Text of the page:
The 41-year-old offers two hours of training six days a week for 500 rupees ($3) but gives free classes to women who have lost a relative to militant violence.

“The Hazara community is facing many problems... but with karate we can begin to feel safe,” said 18-year-old student Syeda Qubra, whose brother was killed in a bomb blast in 2013.


Some Pakistani journalists find breathing room on YouTube as censorship grows

Updated 10 April 2021

Some Pakistani journalists find breathing room on YouTube as censorship grows

  • Information minister Shibli Faraz says no censorship in Pakistan, press enjoys “complete independence and freedom to report” 
  • In digital age, growing number of Pakistani journalists turning to Internet, particularly YouTube, to tap into platform’s ever-growing audiences

LAHORE: The last news channel renowned Pakistani journalist and TV anchor Najam Sethi worked for received several warnings from the country’s electronic media regulatory authority over the contents of his show, including one in April 2019 saying the show would be banned and the channel’s license revoked if Sethi did not apologize to Prime Minister Imran Khan for spreading “false news” about him. 

The Pakistan Electronic Media Regulatory Authority did not specify what news it had found to be false but said Sethi was being served the notice over a complaint filed with PEMRA council of complaints by Prime Minister Imran Khan. 

After Channel 24 was taken off air at least four times between 2019-20, Sethi knew it was time to move his talk show, Sethi Se Sawal, to YouTube where he now has over 250,000 subscribers. 

Explaining why he switched over to YouTube, Sethi told Arab News in a phone interview: “After various TV channels were restrained from hiring me in 2019 because of pressure from the government or establishment.” 

“YouTube is a breath of fresh air to avoid censorship,” he added. 

Indeed, Sethi is among a growing number of Pakistani journalists who have turned to the Internet, particularly to YouTube channels, amid what editors and reporters call a “widening” crackdown on the media.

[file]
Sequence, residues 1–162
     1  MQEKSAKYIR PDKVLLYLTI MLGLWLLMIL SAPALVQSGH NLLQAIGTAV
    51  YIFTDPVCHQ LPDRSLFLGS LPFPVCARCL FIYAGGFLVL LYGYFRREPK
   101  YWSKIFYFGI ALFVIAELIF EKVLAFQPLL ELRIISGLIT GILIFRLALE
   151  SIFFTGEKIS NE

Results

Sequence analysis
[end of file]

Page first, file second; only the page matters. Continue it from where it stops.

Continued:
Journalists’ complaints range from direct edicts to editors and producers not to air opposition voices or publish news critical of the government or the military; pulling TV stations from transmission or newspapers from circulation; and targeting the advertising revenue of dissenting media. In 2018 alone, over 3,000 journalists and media workers were laid off. Thousands more have been dismissed since, according to the Pakistan Federal Union of Journalists (PFUJ).

Muhammad Usman, Director News at Neo News, a mainstream TV channel, said government advertisements to news channels had decreased by more than 50 percent since the government of Khan came into power in 2018. Two other journalists, part of senior management at top-tier news channels, also confirmed this. 

“For mainstream channels a big chunk of their revenue came from government ads,” Usman told Arab News. “Due to cuts of ad revenue, there were layoffs … In the coming days things will only get worse.”

In 2019, responding to criticism over the government reducing ad revenue for the media, then Information Minister Chaudhry Fawad Hussain said Pakistani media houses needed to revamp their revenue models to reduce reliance on government advertising.